Daily Archives: September 26, 2014

The future of high quality TV

I occasionally do talks on future TV and I generally ignore current companies and their recent developments because people can read about them anywhere. If it is already out there, it isn’t the future. Companies make announcements of technologies they expect to bring in soon, which is the future, but they don’t tend to announce things until they’re almost ready for market so tracking those is no use for long term futurology.

Thanks to Pauline Rigby on Twitter, I saw the following article about Dolby’s new High Dynamic Range TV:

http://www.redsharknews.com/technology/item/2052-the-biggest-advance-in-video-for-ten-years-and-it-s-nothing-to-do-with-resolution

High dynamic range allows light levels to be reproduced across a high dynamic range. I love tech, terminology is so damned intuitive. So hopefully we will see the darkest blacks and the brightest lights.

It looks a good idea! But it won’t be their last development. We hear that the best way to predict the future is to invent it, so here’s my idea: textured pixels.

As they say, there is more to vision than just resolution. There is more to vision than just light too, even though our eyes can only make images from incoming photons and human eyes can’t even differentiate their polarisation. Eyes are not just photon detectors, they also do some image pre-processing, and the brain does a great deal more processing, using all sorts of clues from the image context.

Today’s TV displays mostly use red, blue and green LCD pixels back-lit by LEDs, fluorescent tubes or other lighting. Some newer ones use LEDs as the actual pixels, demonstrating just how stupid it was to call LCD TVs with LED back-lighting LED TVs. Each pixel that results is a small light source that can vary in brightness. Even with the new HDR that will still be the case.

Having got HDR, I suggest that textured pixels should be the next innovation. Texture is a hugely important context for vision. Micromechanical devices are becoming commonplace, and some proteins are moving into nano-motor technology territory. It would be possible to change the direction of a small plate that makes up the area of the pixel. At smaller scales, ridges could be created on the pixel, or peaks and troughs. Even reversible chemical changes could be made. Technology can go right down to nanoscale, far below the ability of the eye to perceive it, so matching the eye’s capabilities to discern texture should be feasible in the near future. If a region of the display has a physically different texture than other areas, that is an extra level of reality that they eye can perceive. It could appear glossy or matt, rough or smooth, warm or cold. Linking pixels together across an area, it could far better convey movement than jerky video frames. Sure you can emulate texture to some degree using just light, but it loses the natural subtlety.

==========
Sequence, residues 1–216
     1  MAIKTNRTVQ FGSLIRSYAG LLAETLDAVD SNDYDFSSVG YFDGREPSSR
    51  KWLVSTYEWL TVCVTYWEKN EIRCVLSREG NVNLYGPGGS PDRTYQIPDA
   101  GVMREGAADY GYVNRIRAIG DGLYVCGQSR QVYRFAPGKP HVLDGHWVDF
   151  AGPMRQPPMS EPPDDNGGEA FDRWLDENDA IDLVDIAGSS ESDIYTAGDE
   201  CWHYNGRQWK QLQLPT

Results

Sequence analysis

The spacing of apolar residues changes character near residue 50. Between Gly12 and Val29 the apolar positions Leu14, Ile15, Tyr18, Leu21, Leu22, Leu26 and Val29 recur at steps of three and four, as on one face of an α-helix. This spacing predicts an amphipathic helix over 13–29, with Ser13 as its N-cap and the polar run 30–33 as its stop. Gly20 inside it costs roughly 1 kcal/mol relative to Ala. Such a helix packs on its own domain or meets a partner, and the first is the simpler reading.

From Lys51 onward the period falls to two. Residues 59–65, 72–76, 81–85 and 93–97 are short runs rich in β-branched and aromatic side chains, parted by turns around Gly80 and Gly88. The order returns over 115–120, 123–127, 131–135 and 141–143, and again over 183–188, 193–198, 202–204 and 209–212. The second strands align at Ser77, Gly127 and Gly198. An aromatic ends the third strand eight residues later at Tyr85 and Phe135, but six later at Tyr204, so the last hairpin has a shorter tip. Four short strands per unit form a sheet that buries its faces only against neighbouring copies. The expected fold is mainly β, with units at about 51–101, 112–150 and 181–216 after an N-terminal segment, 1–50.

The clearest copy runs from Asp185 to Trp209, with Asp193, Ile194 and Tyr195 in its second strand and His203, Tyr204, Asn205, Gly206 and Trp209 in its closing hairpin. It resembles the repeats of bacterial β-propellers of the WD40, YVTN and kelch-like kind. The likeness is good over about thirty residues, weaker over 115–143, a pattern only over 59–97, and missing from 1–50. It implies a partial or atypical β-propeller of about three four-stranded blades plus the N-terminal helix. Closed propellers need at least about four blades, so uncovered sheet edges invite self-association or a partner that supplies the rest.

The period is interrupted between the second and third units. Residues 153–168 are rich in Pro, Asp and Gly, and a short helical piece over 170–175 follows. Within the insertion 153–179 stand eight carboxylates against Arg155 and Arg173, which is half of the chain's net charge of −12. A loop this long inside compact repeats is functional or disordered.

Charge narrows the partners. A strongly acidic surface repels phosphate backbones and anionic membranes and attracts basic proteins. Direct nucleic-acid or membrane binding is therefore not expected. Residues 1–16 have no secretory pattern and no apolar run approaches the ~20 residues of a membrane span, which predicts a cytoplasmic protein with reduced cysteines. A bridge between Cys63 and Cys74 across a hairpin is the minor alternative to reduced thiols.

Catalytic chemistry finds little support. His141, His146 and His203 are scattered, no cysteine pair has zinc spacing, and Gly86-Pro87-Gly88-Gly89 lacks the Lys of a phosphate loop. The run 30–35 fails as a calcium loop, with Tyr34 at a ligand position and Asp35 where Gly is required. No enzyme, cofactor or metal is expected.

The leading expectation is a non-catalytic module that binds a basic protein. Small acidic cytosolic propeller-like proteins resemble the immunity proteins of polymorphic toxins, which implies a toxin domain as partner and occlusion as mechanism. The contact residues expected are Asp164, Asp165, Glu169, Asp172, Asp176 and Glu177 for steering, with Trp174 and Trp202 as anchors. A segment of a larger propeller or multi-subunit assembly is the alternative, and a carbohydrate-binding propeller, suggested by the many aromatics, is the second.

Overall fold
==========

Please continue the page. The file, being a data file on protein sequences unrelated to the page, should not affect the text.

So HDR good, Textured HDR better.

 

 

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The future of gardens

It’s been weeks since my last blog. I started a few but they need some more thought so as a catch-up, here is a nice frivolous topic, recycled from 1998.

Surely gardens are a place to get back to nature, to escape from technology? Well, when journalists ask to see really advanced technology, I take them to the garden. Humans still have a long way to go to catch up with what nature does all the time. A dragonfly catching smaller flies is just a hint of future warfare, and every flower is an exercise in high precision marketing, let alone engineering. But we will catch up, and even the stages between now and then will be fun.

Advanced garden technology today starts and ends with robotic lawn trimmers. I guess you could add the special materials used in garden tools, advanced battery tech, security monitoring, plant medications and nutrition. OK, there are already lots of advanced technologies in gardens, they just aren’t very glamorous. The fact is that our gardens already use a wide range of genetically enhanced plants and flowers, state of the art fertilizers and soil conditioners, fancy lawnmowers and automatic sprinkler systems. So what can we expect next?